Is this creative pie big enough that we are all going to get a share? This is where you come in. Does your school have an Intellectual Property policy that covers original educational resources? Please send us a copy or link if it does… or send us your story on this narrative!
An important note here: we realize our experience is in the United States, but we’d love to hear from our global listeners about their situations as well. And, we are also going to be asking a series of 1-question polls to develop out the future episodes. Please join the Wired Ivy group on LinkedIn to participate.
As always, send us your questions, comments, and suggestions. You can leave a voice As always, you can leave a voice message at speakpipe.com/wiredivy, or help Wired Ivy by subscribing, rating, and reviewing us on your favorite podcast apps, and by sharing this Summer Short with your friends.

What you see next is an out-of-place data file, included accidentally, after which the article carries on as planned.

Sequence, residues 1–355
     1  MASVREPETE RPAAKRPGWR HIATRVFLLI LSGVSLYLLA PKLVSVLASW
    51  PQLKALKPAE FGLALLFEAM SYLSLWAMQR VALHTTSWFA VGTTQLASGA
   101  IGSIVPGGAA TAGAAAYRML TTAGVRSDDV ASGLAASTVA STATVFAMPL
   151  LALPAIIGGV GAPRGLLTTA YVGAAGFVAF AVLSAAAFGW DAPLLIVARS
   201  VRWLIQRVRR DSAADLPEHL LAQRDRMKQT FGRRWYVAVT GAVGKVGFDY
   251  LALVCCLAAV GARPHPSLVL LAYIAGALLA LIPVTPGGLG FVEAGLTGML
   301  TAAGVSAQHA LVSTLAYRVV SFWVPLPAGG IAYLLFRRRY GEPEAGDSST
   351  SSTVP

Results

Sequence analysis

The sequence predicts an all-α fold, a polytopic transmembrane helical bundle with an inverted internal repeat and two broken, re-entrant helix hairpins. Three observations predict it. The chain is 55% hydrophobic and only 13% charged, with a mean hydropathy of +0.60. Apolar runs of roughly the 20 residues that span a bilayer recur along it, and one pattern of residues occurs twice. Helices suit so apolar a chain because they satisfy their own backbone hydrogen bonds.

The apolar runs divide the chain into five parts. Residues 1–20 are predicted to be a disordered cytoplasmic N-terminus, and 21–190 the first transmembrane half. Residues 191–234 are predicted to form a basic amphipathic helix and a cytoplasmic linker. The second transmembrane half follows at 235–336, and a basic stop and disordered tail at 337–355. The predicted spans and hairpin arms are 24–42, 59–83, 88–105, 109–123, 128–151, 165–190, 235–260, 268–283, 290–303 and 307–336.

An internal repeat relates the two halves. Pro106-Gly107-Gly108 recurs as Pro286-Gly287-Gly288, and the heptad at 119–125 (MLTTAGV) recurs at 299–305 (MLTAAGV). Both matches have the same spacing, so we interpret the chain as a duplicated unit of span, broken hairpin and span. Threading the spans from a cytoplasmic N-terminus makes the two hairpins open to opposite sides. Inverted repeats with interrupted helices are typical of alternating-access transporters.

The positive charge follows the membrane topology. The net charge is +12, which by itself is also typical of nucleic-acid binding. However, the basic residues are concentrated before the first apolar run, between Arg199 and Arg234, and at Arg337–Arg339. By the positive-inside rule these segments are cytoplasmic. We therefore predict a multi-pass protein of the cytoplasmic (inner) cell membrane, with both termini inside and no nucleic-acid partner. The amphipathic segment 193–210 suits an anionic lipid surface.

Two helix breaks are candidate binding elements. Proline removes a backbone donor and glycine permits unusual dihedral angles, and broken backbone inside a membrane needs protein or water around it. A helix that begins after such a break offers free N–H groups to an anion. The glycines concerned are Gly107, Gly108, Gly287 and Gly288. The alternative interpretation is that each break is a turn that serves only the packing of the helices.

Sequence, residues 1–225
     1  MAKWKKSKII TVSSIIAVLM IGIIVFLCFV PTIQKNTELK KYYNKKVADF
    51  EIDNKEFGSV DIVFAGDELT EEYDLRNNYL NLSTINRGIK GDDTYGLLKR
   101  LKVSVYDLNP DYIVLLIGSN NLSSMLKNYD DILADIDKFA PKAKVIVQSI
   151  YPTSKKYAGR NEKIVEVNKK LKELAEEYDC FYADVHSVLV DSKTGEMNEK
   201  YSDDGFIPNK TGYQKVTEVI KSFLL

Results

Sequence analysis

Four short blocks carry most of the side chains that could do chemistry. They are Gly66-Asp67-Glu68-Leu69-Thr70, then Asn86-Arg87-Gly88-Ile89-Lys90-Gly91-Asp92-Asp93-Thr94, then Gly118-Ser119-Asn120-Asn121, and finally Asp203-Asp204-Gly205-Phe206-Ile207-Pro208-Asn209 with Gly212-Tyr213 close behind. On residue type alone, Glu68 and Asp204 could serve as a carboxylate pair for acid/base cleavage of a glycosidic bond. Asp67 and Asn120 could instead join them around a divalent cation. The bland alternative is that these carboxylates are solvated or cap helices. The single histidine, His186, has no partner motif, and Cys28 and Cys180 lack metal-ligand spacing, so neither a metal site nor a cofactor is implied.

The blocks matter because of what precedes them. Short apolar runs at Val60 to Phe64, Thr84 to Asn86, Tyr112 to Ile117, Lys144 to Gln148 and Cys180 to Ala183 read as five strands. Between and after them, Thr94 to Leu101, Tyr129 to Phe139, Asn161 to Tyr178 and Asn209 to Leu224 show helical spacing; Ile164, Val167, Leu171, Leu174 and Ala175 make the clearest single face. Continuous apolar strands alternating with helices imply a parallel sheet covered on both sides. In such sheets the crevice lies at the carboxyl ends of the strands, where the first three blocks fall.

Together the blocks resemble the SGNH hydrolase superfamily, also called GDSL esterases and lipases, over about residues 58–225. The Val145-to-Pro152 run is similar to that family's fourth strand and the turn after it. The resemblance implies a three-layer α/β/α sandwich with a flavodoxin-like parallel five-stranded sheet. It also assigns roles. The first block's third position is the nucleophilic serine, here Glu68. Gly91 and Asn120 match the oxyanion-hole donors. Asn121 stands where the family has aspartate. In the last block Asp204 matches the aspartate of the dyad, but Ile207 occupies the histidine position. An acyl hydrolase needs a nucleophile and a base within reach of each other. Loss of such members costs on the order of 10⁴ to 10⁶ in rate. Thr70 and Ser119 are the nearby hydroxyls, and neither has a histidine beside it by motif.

Daniel J. Marcucci advocates for sustaining a livable, rich biosphere—because the alternative is scary. He teaches Sustainability Systems, Coastal and Marine Systems, and Urban Water Systems courses and leads Global Study trips. Dr. Marcucci has two decades’ experience in higher education as an environmental educator, the last several years focusing on creating supportive asynchronous online learning communities. He has published in numerous environmental planning journals. He also has extensive experience as a regional and environmental planner. His current research explores individual landscapes and landscape as an integrative and holistic concept. Dan is a member of the American Institute of Certified Planners.